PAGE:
There’s a lot of “mash-up” DJs out there nowadays, but not one of them can be compared to the Z-Trip recipe.
[Z-Trip]In the past year, Z has been very goal-oriented. He has a mix on the new Motown Remixed album, a cameo on the new Scratch: All The Way Live DVD, and, now signed with Hollywood Records, he’s ready to spread his musical wings even farther with his debut release, Shifting Gears. All of these projects hit the streets April 19.
SLUG: Are you excited/nervous about the release of Shifting Gears?
Z-Trip: Yes, I’m excited and nervous. Not in an “Oh my god, how’s it going to do?” sort of way, but when you work on something for a long period of time, you get the butterflies before it comes out.
SLUG: Would you say that you’re self-conscious about it?
Z-T: You wouldn’t be human if you weren’t. No matter what people say … I feel good about it.
SLUG: When you did “Breakfast Club” with Murs, was there more play than work, or vice versa?
Z-T: No man, it was definitely more play. When him and I get in the studio, we never get shit done. He’s a super-cool guy and I think we are always going to be working on music together because we click musically.
SLUG: Did you grow up in Phoenix or Queens? Also, what was the reason for your relocation to L.A.?
Z-T: I was born in Queens, moved to Phoenix when I was seven and my parents got a divorce when I was 12. My dad moved to N.Y. and my mom stayed in Arizona. I was constantly going back and forth. New York is where I got turned onto hip-hop. Listening to the radio, taping the songs and bringing them back to Arizona. So I built my name there and I would go out and do gigs all over the world based out of Arizona. So I took that next step and moved to where the “industry” is: L.A.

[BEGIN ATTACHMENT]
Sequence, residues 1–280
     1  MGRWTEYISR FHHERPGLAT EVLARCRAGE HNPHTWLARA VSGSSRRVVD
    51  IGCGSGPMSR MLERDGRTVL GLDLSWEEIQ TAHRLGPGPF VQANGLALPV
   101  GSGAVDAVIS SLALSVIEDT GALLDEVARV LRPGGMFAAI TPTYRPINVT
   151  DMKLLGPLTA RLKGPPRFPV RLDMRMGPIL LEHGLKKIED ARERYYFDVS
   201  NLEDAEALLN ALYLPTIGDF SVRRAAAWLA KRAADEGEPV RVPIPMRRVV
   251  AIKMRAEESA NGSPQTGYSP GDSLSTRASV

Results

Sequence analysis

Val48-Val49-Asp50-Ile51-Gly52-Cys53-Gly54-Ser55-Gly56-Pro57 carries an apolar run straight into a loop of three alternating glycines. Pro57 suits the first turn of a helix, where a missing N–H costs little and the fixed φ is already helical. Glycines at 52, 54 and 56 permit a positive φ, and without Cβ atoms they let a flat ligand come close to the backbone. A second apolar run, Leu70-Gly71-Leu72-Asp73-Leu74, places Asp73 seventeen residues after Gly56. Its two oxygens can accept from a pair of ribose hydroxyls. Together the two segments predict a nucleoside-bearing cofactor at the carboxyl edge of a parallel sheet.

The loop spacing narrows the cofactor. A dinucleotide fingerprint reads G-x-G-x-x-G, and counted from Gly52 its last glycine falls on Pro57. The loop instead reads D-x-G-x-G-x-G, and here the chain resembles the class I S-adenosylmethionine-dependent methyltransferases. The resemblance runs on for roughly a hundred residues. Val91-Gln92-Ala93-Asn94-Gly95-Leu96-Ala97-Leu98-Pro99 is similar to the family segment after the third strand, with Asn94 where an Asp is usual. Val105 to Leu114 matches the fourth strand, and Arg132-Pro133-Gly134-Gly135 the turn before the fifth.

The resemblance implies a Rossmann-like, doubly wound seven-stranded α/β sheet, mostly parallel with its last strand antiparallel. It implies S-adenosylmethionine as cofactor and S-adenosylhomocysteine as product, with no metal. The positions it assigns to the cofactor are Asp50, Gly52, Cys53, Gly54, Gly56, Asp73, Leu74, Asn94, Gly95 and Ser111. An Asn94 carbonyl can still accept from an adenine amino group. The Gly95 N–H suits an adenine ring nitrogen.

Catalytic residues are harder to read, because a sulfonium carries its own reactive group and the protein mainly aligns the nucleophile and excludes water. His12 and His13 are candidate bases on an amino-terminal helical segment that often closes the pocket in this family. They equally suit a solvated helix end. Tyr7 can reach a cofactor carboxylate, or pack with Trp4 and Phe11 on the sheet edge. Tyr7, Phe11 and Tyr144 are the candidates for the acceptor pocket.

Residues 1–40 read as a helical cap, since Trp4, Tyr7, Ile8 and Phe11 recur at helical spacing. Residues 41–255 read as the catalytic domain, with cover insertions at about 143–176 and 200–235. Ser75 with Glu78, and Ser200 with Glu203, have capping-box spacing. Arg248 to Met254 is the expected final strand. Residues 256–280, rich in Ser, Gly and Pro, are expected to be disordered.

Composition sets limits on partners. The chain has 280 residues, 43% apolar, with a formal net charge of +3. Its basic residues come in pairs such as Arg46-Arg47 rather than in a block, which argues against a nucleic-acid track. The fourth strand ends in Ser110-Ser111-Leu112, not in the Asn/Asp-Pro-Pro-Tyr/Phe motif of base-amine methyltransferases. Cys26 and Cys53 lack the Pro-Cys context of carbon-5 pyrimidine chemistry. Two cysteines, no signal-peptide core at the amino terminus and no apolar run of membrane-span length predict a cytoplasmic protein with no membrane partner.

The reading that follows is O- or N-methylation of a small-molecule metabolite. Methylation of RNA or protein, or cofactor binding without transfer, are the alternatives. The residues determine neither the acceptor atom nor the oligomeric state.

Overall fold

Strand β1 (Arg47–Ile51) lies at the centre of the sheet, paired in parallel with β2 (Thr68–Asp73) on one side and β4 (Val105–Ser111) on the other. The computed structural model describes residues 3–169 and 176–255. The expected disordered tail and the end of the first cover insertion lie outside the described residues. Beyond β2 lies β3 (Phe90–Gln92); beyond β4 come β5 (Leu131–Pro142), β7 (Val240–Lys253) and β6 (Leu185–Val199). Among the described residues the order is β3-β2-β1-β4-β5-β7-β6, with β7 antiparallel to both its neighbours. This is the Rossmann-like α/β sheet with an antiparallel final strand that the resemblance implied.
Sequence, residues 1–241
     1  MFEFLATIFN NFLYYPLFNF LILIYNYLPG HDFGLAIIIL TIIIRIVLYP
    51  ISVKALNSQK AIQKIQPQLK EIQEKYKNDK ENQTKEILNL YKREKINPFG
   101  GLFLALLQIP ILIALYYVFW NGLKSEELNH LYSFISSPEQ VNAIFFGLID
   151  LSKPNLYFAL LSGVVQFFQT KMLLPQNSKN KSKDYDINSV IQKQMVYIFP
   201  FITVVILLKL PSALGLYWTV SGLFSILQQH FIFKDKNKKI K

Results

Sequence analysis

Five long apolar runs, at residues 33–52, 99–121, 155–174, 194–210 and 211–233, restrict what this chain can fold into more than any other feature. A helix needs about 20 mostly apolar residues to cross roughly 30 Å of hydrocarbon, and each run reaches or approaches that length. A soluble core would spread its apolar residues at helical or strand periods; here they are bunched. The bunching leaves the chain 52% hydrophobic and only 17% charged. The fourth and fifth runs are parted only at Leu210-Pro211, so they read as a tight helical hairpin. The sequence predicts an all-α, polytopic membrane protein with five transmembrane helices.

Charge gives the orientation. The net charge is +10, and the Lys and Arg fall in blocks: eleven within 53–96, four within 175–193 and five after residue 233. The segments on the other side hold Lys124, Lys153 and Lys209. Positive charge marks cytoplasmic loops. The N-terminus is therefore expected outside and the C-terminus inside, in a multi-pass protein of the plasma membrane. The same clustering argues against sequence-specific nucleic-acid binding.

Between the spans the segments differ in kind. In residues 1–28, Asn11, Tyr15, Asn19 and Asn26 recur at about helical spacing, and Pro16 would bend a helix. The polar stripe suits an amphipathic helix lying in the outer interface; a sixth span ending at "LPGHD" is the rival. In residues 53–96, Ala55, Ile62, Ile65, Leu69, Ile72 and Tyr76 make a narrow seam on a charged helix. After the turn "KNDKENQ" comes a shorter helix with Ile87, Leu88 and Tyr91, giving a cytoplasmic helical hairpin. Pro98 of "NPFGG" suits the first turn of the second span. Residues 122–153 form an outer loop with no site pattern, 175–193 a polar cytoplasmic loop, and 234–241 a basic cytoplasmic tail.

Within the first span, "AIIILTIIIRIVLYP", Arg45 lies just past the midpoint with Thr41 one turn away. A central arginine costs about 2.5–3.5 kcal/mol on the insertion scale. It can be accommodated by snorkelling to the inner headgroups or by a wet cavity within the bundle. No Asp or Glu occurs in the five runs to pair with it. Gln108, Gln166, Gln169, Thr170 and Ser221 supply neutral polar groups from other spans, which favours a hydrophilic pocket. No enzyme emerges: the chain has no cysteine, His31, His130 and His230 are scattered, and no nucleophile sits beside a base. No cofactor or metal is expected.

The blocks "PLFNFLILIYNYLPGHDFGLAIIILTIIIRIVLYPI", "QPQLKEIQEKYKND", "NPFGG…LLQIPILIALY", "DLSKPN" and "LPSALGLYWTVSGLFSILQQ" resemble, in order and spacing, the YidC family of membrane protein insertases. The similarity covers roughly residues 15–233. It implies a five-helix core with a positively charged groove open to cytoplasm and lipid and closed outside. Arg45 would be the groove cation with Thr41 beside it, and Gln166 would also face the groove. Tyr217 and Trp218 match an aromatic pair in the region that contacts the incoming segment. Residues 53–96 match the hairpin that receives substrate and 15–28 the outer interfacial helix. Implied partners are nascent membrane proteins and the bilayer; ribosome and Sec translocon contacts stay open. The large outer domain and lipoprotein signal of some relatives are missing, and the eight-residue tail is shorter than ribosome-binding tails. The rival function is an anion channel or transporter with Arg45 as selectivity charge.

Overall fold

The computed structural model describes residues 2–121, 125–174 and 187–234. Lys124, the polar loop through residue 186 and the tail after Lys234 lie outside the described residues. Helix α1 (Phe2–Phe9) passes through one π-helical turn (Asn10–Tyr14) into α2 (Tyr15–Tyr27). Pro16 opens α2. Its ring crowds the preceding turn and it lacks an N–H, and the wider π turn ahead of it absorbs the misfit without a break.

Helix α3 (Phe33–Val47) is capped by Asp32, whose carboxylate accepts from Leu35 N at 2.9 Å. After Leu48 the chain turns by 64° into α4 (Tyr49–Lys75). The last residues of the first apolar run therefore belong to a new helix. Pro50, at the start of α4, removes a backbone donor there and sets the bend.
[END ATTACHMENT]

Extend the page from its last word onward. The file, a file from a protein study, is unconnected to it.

SLUG: I see that you worked with Linkin Park’s Chester Bennington on your new album. What was the object of all that? Was it the gathering of money? The satisfying of an audience? Was it purely respect?
Z-T: It was straight to make a pop tune. No, I’m joking. The reason is that he’s from Phoenix too, and the first time I went on tour with them, I was speaking with him and we both found out that we know the same people. So when it came time to make this record, I reached out to him and it was about making a song with another dude from Arizona. It was just that. It was a thumb to everyone who thinks they know our sound. Both of us are pigeonholed as “the guy who screams” or “the mash-up guy.” I said, “Fuck that, let’s do the opposite of what everyone expects of us.”
SLUG: What programs or equipment do you use to make your beats on?
Z-T: EPS 16 Plus, but I make mostly everything on my ASR 10. Eventually everything gets tracked into Pro-Tools for chopping.
SLUG: Who is your favorite band to open up for?
Z-T: Believe it or not, Dave Mathews Band was my favorite because of their crowd. They are the most open-minded to what I do under the umbrella of hip-hop. Then there’s James Brown, Rolling Stones, Ben Harper, Jack Johnson, Rush, AC/DC, Linkin Park. I don’t have a favorite. I like them all.
S: What about the Motown Remixed album; what songs did you cover?
Z-T: At first I wanted to do a very conscious, early 70s Temptations track that talks about protesting war. I couldn’t come like that, though. I did a remix of Jackson 5’s “I Want You Back;” I had to make it a little more poppy. I’m glad that it’s the lead on the record. I feel everyone did an equally impressive job on the album.
SLUG: When was the last time you were close to having a nervous breakdown?
Z-T: The album advance that went out prior to the one everyone has now was just 90 percent done, working copy to show everyone at the label. Someone took that copy and sent it out before I was finished.
SLUG: Hollywood was ready to take your shit and run with it, eh?
Z-T: Yeah, we almost got off to a really bad start.
With that, I let Z-Trip finish his turkey-tuna sandwich, which was definitely stale by the end of the interview. Check his website,www.djztrip.com, for more info.